Step (Process) Diagrams
Introduction and Best Uses
Step or process diagrams are used to illustrate the sequence of steps required to complete a particular process or procedure. If the steps are straightforward, the diagram will show just a beginning, a few steps, and an ending. As you will see, different diagram components utilize different geometrical shapes.
As Figure 1 illustrates, the diagram should have a title. The title should name the process being explained. This diagram shows an oval (labeled "Begin") followed by three rectangles (labeled "Step 1," "Step 2," and "Step 3") followed by another oval (labeled "End"). These shapes are stacked vertically, each connected to the one below by a downward-pointing arrow. Since the step diagram is used to show a sequence of steps to complete a process or procedure, the boxes should be filled in with brief verbal descriptions of the steps.
Step Diagram with Decision Point
Sometimes within a process, you reach a point where either a yes/no decision or some other choice between two paths must be made (see Figure 2). The decision itself is designated by a diamond shape, in which you write the decision to be made. From that point, the path diverges into two paths, one coming from the "Yes" (or Choice 1) side, and one from the "No" (or Choice 2) side. Now each path will have its own "End" oval to signify that path's completion point.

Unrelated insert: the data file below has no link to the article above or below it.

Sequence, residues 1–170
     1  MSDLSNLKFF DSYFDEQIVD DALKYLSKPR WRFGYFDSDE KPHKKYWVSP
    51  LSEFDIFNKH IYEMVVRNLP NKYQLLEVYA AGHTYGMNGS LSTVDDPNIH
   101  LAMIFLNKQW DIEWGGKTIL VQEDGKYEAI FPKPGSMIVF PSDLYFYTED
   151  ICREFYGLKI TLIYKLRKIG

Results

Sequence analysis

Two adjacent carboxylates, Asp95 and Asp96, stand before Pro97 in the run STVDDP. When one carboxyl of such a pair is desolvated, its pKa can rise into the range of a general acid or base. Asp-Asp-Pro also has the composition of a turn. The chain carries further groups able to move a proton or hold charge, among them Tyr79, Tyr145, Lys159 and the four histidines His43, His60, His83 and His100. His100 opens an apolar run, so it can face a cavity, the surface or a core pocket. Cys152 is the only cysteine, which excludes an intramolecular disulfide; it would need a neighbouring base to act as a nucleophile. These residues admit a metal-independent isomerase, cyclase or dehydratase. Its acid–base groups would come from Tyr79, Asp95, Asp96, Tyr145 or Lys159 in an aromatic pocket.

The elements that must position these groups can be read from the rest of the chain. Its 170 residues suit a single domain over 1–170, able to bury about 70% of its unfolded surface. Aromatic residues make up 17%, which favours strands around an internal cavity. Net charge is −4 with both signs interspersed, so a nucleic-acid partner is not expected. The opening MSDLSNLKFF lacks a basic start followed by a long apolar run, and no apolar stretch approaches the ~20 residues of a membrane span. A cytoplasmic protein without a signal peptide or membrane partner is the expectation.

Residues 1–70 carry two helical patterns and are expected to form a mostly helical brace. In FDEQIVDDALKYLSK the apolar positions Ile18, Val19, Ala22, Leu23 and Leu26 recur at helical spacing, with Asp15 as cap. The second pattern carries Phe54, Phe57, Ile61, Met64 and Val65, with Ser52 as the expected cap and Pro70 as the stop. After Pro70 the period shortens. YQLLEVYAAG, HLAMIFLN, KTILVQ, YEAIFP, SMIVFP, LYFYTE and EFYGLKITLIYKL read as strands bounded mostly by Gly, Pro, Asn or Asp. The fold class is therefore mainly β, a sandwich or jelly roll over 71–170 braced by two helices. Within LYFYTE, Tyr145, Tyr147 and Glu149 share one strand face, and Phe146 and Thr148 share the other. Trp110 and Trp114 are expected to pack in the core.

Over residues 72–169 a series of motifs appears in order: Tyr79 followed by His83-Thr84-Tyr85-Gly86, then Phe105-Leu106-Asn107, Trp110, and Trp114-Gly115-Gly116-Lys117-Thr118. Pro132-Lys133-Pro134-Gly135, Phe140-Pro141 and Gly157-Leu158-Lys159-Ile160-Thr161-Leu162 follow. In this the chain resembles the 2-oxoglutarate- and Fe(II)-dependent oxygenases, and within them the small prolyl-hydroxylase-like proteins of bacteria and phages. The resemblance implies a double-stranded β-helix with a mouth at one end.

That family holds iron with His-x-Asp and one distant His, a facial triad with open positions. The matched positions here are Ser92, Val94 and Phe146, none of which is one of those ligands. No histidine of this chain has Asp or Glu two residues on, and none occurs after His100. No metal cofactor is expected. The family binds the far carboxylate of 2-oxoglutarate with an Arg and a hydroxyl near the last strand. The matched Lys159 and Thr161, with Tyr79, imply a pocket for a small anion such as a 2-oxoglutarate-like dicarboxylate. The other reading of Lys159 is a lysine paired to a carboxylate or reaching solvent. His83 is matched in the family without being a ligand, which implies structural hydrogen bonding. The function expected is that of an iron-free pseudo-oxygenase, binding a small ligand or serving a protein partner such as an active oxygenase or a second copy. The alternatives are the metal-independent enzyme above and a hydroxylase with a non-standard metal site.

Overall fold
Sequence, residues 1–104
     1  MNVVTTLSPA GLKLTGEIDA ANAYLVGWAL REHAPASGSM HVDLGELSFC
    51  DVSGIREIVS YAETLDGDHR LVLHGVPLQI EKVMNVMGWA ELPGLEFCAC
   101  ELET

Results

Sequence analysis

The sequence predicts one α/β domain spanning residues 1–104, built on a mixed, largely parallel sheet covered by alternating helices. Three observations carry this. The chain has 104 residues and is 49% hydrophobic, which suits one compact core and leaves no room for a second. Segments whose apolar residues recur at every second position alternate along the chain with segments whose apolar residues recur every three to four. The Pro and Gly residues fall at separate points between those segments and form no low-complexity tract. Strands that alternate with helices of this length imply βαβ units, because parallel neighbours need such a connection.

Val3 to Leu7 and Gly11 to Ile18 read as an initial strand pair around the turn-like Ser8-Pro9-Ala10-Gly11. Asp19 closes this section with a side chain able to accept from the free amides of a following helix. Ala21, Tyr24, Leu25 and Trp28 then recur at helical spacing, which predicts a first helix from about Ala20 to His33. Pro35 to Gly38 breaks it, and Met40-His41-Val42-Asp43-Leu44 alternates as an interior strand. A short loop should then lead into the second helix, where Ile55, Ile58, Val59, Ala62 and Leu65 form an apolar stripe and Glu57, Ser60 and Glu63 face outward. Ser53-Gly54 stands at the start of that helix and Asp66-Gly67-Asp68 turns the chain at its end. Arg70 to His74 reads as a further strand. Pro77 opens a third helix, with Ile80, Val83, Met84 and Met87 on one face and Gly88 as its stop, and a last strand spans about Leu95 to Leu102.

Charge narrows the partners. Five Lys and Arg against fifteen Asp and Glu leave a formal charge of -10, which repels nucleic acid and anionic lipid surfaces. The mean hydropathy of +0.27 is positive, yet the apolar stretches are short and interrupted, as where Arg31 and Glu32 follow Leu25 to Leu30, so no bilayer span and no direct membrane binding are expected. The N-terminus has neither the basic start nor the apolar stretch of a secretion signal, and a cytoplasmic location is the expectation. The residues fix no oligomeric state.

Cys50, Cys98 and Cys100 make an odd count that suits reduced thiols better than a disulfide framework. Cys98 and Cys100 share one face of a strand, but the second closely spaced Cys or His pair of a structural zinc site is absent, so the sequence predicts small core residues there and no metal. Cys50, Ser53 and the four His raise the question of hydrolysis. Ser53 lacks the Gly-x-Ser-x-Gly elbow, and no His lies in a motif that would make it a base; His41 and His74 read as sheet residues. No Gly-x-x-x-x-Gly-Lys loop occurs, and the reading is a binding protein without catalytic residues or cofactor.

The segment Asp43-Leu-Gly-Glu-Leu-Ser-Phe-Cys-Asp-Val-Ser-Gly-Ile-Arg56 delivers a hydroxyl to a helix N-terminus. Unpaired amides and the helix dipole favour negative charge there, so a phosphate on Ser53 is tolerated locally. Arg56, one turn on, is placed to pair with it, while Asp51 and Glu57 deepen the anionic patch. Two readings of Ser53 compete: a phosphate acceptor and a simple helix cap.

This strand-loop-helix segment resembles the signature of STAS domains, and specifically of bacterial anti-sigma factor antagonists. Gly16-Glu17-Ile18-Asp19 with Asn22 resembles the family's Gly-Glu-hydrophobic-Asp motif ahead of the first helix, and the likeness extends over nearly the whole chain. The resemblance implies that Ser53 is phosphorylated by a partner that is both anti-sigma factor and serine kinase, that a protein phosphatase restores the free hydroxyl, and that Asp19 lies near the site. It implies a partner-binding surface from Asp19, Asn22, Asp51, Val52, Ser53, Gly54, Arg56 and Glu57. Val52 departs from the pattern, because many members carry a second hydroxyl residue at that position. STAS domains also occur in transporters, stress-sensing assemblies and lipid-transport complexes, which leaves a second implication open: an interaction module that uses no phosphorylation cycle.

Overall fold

Step Diagram with Decision Point Whose Paths Rejoin
Another variation is when the paths diverge for one or more steps, but then rejoin to end in steps common to both paths (see Figure 3).
Step Diagram Guidelines
The following guidelines represent best practices for creating process or step diagrams:
- Give your diagram a title that clearly identifies the process being described. The title should appear just above the whole diagram.
- Don't skip steps, but…
- Keep the description of each step brief and concise.
- Always begin with an oval labeled "Begin" or "Start."
- Always end with an oval labeled "End."
- Use a rectangle to signify each step in the process.
- Use a diamond to signify a decision point in the process.
- The text in the diamond (decision point) should be in the form of a question.
- The branches of the decision must be labeled according to the possible answers of the question. Sometimes the appropriate labels are "yes" and "no"; sometimes the labels are more specific to match the question.
- Use arrows to show the flow of the process.